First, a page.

Investigators obtained about 64 emails and text messages dated Aug. 21, 2017, through July 30, 2018, in which Zinke communicated directly with the developers about the 95 Karrow project.

“Secretary Zinke, his wife, and the 95 Karrow project developers, through their attorneys, declined our requests for an interview in this matter,” the investigators noted.

The report said investigators found no evidence that Zinke “took any official action to specifically benefit the Halliburton company.”

But investigators did find that Zinke “played an extensive, direct, and substantive role in representing the Foundation during negotiations with the 95 Karrow project developers” and that “many of these communications contained substantive discussions about specific design issues related to the 95 Karrow project, including the developer’s proposed use of the Foundation property for a parking lot and Secretary Zinke’s apparent interest in operating a microbrewery onsite.”

Investigators noted that after one meeting, “Zinke provided the developers with a personal tour of the Lincoln Memorial and then ate dinner with them at a local restaurant.”

At another point, investigators found that in April 2018, a reporter from a news organization contacted a developer inquiring about Zinke’s role in the 95 Karrow project and that “Zinke exchanged approximately 37 text messages with Developer 1 in which they discussed how to respond to the news organization’s inquiries.”

After seeing one of the resulting news articles, the department’s ethics officer interviewed Zinke in July 2018 about his involvement in foundation matters. He denied involvement.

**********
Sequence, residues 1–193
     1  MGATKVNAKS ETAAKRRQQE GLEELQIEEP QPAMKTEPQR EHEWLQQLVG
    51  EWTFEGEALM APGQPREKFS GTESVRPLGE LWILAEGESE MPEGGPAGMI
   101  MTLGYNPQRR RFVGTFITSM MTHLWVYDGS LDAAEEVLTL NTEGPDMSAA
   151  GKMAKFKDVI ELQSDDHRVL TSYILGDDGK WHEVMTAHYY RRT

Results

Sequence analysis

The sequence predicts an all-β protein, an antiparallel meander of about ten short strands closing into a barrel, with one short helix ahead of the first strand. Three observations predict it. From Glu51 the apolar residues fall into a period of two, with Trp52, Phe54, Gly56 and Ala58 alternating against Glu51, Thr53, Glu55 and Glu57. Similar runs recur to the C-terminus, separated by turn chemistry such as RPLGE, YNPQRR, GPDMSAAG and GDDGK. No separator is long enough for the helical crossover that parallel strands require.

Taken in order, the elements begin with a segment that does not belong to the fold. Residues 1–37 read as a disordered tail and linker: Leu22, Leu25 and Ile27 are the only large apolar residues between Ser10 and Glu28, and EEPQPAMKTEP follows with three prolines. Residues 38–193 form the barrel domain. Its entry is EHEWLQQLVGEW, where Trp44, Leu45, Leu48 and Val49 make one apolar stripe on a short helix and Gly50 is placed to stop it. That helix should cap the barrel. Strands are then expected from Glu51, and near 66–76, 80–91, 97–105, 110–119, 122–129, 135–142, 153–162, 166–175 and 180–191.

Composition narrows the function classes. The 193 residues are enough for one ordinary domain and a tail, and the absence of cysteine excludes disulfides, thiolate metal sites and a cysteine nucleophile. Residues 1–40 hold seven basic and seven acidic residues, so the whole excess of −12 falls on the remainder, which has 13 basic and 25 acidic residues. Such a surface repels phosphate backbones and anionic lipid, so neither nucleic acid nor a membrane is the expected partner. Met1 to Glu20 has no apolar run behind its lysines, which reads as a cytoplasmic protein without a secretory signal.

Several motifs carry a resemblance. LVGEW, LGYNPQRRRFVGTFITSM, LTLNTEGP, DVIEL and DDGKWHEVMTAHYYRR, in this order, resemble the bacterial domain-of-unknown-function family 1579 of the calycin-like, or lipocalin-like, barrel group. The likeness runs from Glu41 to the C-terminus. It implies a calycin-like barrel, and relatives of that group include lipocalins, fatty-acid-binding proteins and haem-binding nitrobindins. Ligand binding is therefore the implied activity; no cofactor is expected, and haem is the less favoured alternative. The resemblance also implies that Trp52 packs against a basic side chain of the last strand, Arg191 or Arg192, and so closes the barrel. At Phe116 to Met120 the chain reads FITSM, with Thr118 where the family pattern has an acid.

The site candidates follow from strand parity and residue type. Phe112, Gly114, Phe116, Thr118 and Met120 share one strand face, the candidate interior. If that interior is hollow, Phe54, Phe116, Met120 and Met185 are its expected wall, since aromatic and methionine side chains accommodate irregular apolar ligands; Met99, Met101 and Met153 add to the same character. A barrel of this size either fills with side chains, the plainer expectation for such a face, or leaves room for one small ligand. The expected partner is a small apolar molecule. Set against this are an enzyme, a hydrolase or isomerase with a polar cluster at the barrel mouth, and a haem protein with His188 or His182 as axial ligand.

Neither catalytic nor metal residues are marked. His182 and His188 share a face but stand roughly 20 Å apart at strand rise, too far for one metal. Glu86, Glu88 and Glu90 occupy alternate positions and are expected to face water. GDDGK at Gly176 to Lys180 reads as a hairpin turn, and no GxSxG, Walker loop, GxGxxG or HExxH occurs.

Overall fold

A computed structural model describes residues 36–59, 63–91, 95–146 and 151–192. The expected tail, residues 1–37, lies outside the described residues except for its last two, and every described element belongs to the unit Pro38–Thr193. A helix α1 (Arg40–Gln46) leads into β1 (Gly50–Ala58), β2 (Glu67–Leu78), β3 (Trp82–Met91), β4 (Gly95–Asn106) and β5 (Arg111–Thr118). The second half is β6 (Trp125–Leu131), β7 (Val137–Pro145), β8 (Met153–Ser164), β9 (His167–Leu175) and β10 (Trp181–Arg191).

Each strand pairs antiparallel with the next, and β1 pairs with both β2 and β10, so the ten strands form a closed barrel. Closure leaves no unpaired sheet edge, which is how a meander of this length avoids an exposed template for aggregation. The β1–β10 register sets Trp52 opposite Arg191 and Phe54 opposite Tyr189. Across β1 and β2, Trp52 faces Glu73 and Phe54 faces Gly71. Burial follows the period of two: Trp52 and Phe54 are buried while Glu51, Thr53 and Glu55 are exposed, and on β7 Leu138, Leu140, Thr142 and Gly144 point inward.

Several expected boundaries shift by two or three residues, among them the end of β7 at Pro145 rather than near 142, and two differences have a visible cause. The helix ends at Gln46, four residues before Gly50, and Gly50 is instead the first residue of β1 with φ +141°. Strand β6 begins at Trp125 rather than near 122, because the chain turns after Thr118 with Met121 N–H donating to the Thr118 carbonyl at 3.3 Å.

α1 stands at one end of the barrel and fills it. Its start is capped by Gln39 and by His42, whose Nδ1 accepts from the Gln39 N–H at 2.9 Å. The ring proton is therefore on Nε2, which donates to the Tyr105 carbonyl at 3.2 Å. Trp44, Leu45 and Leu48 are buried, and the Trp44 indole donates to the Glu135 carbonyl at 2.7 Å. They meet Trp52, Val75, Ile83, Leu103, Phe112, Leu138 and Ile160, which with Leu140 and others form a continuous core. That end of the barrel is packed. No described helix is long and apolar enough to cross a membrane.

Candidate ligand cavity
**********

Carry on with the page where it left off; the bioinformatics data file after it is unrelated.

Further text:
IG office investigators subsequently showed the ethics official Zinke’s emails.

“The [official] expressed the belief that the emails showed Secretary Zinke had participated in negotiations with the developers about the 95 Karrow project, and that the Secretary had ‘misrepresented’ the facts … about his participation.”

The investigators added that the ethics official “told us that Secretary Zinke’s statements were ‘very disappointing … and very concerning’ because [he] had made it clear to the Secretary that the Secretary had to tell the truth for the DOI Ethics Office to determine if there was an ethics violation.”

“We believe that the level and extent of Secretary Zinke’s engagement with the developers on issues pertaining to the Foundation generally and the 95 Karrow project in particular make it unlikely that he would have forgotten or misconstrued his role,” the investigators said.

The statement from the Zinke campaign complained that investigators did not talk to him, “staff or anyone else who was supposedly involved in the non-existent ‘negotiations.'”

“Only in Biden’s corrupt administration is talking to one’s neighbor about the town’s public meetings and history of the land a sin. The Zinke family was able to create a free and open space for people to enjoy in Whitefish,” the statement said. “They are proud of the children’s sledding park that dozens of kids use every weekend and countless locals use for exercise every day.”